The path to becoming better people
By Helen Walters
Head of curation, TED
Right after I watched Dolly Chugh's extraordinary talk, I had a moment. I'll spare you the details, but suffice it to say, it did not make me look or feel like a good person. Essentially, I misread a situation, handled it poorly, and then, a few minutes later when I realized that I'd handled it poorly, I was flooded with bad feelings.
"Wow, did I mess up!"
"Coo, I'm some kind of terrible."
All need for a good therapist aside, if this had happened before Dolly's talk, it might well have been where I'd left it. I'd have languished for a little while and then moved on, never quite shaking that feeling of messing up, of not being good enough.
But because I had just seen Dolly's talk, I now had a new technique at my disposal -- and the knowledge that my attachment to being a "good" person could be holding me back from actually becoming a better person. That meant that as soon as I realized that I'd messed up, and when I got an opportunity to come clean and confess my mess ... I took it. I didn't hem or haw or try to justify myself. I just apologized, made a mental note not to repeat said error -- you know, ever again -- and then moved on with a clear head and heart.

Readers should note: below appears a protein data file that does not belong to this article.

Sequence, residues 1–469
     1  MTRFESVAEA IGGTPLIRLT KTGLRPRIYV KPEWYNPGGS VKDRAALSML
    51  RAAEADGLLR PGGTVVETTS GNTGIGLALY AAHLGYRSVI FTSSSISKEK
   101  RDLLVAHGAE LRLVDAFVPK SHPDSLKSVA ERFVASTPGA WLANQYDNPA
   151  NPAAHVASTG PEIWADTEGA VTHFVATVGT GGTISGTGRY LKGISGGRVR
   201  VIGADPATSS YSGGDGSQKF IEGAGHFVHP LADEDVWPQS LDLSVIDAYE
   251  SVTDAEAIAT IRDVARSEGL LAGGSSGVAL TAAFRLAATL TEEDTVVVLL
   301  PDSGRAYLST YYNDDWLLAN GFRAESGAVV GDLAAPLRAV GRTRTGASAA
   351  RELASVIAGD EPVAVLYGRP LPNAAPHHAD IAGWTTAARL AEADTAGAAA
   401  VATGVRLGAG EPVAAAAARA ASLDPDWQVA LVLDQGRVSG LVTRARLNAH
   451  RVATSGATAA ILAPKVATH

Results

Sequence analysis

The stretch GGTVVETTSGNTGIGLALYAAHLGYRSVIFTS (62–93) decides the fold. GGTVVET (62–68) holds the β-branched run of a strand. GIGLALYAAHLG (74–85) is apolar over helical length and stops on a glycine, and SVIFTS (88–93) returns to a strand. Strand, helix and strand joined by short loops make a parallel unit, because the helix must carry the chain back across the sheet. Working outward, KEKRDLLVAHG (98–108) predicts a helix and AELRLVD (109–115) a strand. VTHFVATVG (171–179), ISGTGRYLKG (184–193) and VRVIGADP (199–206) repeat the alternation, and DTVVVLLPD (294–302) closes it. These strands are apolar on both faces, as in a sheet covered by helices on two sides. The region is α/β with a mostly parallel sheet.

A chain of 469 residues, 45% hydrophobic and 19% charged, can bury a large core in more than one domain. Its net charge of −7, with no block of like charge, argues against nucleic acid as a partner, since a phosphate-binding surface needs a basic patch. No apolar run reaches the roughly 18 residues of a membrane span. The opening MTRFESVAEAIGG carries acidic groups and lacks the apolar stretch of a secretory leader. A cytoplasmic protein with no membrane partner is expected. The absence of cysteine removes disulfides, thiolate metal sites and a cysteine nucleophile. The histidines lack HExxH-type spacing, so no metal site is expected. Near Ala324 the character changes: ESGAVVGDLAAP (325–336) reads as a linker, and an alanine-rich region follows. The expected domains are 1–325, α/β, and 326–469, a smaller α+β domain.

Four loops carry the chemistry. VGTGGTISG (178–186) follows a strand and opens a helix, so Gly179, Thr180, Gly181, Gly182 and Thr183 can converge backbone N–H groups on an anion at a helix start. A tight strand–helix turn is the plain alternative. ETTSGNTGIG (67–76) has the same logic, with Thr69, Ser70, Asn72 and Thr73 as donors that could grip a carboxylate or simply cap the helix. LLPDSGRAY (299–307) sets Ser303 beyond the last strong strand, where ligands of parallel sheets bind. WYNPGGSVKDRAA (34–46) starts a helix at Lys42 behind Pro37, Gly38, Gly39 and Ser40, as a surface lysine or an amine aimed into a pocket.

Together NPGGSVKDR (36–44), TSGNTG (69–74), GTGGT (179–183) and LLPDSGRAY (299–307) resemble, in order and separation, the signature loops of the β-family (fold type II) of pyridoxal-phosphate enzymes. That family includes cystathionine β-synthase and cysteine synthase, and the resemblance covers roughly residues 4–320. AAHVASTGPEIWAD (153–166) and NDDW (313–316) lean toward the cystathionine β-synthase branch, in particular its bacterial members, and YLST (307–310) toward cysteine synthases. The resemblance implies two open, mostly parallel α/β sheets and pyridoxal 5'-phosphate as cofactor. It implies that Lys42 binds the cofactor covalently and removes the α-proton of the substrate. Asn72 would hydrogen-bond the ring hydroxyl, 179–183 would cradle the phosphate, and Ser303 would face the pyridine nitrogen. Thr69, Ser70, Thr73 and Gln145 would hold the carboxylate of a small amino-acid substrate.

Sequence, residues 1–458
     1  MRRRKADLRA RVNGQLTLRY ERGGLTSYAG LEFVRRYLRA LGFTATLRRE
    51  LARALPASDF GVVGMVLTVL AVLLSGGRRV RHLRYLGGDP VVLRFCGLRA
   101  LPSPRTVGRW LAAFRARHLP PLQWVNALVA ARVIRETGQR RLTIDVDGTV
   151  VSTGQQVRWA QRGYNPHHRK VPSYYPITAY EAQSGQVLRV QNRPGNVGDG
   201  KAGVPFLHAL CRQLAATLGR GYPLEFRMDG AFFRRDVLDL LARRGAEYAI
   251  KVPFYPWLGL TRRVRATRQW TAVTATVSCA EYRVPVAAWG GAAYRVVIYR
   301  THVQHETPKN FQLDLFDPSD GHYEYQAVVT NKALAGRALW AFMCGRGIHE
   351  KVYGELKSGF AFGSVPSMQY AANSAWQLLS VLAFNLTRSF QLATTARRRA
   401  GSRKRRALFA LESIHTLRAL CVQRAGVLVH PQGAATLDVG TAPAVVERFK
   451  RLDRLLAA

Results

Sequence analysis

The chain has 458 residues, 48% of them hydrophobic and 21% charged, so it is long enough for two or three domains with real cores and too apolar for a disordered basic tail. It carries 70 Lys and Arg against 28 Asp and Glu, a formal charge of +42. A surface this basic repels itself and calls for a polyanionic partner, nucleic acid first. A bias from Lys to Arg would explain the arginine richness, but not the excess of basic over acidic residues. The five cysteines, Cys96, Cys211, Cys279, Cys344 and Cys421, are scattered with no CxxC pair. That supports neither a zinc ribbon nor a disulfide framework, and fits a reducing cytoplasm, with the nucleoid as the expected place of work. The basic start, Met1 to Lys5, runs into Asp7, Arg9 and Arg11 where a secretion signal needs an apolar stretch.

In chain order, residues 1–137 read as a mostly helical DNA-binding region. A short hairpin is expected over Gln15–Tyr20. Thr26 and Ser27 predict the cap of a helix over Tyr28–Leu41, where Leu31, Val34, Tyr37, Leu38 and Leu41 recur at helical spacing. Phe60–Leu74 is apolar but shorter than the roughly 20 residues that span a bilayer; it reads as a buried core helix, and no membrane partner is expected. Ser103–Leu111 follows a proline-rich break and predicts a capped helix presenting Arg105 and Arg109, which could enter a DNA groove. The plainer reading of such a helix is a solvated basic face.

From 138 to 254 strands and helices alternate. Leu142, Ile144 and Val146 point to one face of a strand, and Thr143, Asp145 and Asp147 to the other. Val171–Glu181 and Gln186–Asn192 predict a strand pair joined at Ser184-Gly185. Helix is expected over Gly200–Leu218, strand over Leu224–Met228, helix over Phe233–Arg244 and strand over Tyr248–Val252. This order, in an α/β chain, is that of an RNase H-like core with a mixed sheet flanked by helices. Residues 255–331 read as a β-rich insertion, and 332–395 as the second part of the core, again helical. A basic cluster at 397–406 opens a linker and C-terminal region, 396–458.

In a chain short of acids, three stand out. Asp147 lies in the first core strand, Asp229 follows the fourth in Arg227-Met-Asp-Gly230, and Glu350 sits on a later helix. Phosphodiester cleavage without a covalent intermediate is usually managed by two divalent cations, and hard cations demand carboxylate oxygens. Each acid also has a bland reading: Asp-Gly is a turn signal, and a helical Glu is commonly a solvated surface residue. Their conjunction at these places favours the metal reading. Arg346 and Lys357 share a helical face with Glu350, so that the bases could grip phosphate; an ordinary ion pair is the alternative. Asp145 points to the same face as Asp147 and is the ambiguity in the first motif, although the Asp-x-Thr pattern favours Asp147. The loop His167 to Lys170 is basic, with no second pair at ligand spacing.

Honestly. It was weird. It was also life-changing.
I'm so, so grateful to get to experiment with this new technique for the rest of time. Because, as Dolly says, "The path to being better people just begins with letting go of being a good person."